Now you know why and when a selector is applied let’s take a look at some more advance selectors. Attribute selectors let you target an element based on its attributes. With an attribute selector you can apply a style on a element that has a specific attribute with a specific value.

Every div that has an attribute name with the exact value info will have a background color. There are of course much more options available like:

[att*=”foo”] : attribute value should contain ‘foo’
[att^=”foo”] : attribute value should start with ‘foo’
.. etc

Child selector

The child selector is represented by the sign “>”. It allows you to target elements that are direct children of a particular element.

Example:

In this example h2 element Title 1, Title 2 and Title 3 will be red. All other h2 elements have the default color. Check it out here.

Sibling combinators

There are two type of sibling combinators, adjancent and general.

Adjancent Sibling Combinator

Use the (+) symbol to target two elements that have the same parent and the second one comes directly after the first one. This can be useful when dealing with text for example when you want to add a top margin to all paragraphs directly after an h2 tag.

This construction will give the first paragraph a left margin of 40px as you can see here.

General Sibling Combinator

Like the adjancent sibling combinator with the exception that the second selector doesn’t have to immediately follow the first one. Use the symbol (~) for this.

Pseudo-classes

This is a cool phenomenon because these or not real classes. These ‘classes’ are dynamically added to your elements on events like hover, active, focus etc. They are also automatically removed as soon as the event ends. But because they exist you can style elements based on events. For example when you hover over a div your can change its background color:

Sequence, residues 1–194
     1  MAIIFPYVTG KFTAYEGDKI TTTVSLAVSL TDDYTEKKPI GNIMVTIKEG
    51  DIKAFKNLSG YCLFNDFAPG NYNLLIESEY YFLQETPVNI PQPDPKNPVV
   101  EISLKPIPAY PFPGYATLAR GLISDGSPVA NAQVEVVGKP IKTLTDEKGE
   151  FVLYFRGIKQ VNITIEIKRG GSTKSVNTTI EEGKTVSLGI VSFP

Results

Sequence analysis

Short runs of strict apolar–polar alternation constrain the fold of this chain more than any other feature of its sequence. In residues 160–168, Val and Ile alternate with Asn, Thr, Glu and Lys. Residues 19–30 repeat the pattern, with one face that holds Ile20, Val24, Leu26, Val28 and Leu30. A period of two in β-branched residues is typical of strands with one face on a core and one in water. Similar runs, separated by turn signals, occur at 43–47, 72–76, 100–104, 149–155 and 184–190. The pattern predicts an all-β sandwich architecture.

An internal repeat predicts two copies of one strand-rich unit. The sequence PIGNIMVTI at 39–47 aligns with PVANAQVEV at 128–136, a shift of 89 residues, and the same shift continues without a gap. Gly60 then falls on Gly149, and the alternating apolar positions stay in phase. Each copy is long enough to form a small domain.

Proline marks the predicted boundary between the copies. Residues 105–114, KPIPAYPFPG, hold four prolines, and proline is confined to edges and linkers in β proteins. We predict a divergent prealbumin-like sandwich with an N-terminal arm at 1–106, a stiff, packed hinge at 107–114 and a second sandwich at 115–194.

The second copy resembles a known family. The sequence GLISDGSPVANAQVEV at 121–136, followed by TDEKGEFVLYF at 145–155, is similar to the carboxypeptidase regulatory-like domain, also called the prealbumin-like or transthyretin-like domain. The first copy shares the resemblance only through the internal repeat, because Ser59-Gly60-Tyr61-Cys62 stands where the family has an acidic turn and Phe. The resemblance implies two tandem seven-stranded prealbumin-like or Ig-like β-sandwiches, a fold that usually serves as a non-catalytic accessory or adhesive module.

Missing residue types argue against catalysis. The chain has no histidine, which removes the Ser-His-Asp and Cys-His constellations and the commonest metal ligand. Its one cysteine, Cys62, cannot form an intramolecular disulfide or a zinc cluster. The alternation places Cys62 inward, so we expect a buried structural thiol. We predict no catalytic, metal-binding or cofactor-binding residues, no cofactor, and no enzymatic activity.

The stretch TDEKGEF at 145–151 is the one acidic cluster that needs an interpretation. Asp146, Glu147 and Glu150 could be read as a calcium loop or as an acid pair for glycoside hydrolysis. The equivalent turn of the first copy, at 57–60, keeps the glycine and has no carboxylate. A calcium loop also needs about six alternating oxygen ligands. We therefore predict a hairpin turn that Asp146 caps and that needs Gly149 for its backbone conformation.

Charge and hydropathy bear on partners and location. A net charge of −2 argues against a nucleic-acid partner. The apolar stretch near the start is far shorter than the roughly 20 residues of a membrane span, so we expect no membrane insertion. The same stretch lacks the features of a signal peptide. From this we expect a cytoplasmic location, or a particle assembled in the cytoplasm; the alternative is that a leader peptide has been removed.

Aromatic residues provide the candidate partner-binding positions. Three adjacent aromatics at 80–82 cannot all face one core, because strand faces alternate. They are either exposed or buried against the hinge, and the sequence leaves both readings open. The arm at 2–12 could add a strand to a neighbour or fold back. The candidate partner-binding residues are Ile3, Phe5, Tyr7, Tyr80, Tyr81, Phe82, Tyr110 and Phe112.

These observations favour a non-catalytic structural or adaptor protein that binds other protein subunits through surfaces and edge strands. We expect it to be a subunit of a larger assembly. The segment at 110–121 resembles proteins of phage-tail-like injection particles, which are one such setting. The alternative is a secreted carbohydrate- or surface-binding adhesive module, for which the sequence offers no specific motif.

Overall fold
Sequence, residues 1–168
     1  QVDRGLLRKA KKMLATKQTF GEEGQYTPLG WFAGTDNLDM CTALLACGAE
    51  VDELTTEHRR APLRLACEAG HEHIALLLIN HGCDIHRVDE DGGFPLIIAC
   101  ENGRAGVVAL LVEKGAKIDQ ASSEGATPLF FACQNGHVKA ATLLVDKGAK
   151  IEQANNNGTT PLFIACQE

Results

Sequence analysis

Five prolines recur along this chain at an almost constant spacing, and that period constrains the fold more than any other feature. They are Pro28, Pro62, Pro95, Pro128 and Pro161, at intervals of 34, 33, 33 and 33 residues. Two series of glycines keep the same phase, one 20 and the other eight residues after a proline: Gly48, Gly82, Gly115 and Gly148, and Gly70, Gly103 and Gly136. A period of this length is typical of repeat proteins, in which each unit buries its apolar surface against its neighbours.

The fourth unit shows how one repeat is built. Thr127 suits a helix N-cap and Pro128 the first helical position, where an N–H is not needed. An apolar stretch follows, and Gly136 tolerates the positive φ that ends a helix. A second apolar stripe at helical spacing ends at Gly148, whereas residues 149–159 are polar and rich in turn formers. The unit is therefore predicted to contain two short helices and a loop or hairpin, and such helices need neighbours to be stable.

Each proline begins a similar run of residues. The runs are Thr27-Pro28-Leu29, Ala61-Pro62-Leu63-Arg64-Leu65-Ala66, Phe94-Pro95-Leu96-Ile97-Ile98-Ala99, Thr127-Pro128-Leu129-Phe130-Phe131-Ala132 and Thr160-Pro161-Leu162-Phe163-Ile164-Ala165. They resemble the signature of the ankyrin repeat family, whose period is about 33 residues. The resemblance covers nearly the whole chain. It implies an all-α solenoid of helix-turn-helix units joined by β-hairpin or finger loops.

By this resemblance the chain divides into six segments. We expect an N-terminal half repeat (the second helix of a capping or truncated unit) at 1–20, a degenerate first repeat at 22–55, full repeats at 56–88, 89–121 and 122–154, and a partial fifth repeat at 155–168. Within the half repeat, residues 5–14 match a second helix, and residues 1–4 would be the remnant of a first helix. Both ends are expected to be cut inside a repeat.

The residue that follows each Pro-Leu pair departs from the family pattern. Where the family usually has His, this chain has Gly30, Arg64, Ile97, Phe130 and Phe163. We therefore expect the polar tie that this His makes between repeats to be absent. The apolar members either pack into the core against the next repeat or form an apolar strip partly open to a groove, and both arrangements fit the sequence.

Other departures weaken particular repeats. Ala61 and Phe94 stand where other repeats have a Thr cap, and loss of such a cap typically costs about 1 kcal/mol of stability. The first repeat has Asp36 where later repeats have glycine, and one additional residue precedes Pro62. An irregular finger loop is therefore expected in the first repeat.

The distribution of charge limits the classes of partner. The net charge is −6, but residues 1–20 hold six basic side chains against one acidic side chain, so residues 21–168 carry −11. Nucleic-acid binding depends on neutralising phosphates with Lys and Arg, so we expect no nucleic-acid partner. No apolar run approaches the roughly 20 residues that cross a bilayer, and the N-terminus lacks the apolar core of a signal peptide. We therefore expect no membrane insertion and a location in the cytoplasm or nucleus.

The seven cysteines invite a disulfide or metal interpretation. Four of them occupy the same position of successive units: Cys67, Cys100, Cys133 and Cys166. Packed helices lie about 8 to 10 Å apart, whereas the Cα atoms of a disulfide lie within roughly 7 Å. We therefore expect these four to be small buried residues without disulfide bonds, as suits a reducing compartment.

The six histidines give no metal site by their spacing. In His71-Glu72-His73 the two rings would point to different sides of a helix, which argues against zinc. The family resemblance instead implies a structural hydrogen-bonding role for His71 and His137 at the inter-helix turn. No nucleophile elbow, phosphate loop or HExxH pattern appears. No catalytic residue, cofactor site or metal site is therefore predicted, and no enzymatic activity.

Here is a list of some pseudo-classes that can come in handy:

:hoverActivates when user moves cursor over element
:visitedLinks that have been visited
:targetCan be used when you use anchors in your website. For example if an element has an anchor #about and you clicked on a link that points to this anchor this pseudo class becomes active and you can for example highlight the anchor.
:linkLinks that haven't been visited yet.
:lang()Selects an element or link only if the language of that link or element matches. For example :lang(en).
:focusElement in focus (used in forms for example)
:first-childSelects first child of another element. For example you can apply a style only to the first item of a list.
:nth-child()Selects the nth child of another element. For example select the third list item :nth-child(3). Supports expressions like :nth-child(3n+4) which will select every third element starting from the 4th. Or :nth-child(even) to select all even children from the start.
:nth-last-child()Start counting from the last one
:nth-of-type()Will only match children that match the type in the selector but works like nth-child. For example p:nth-of-type(even) will select all even PARAGRAPH elements but not other type children like div.
:enableIs activated when element state is enabled
:disableIs activated when element state is disabled
:checkedIs activated when element state is checked
:activeActivates when user clicks on element
:nth-last-type()Same as nth-of-type but starts from the last one
:emptyElement that has no content
Negation pseudo-class

You can use :not() to select all elements except this. For example:

Will select all input buttons except with type submit.

Pseudo-elements

Beside pseudo-classes we also have pseudo-elements. These are elements that do not really exist like first-line or text-block.

p::first-line  => Selects the first line of a paragraph

p::first-letter => Selects the first letter of a paragraph

 

Last cool CSS trick!

Did you know that you can add content ::before and ::after elements using purely css?

And that is not all yet. You can also create CSS countersI am not going to dive any deeper anymore into CSS for now but as you see there is more to styling then just adding borders and background colors.

More information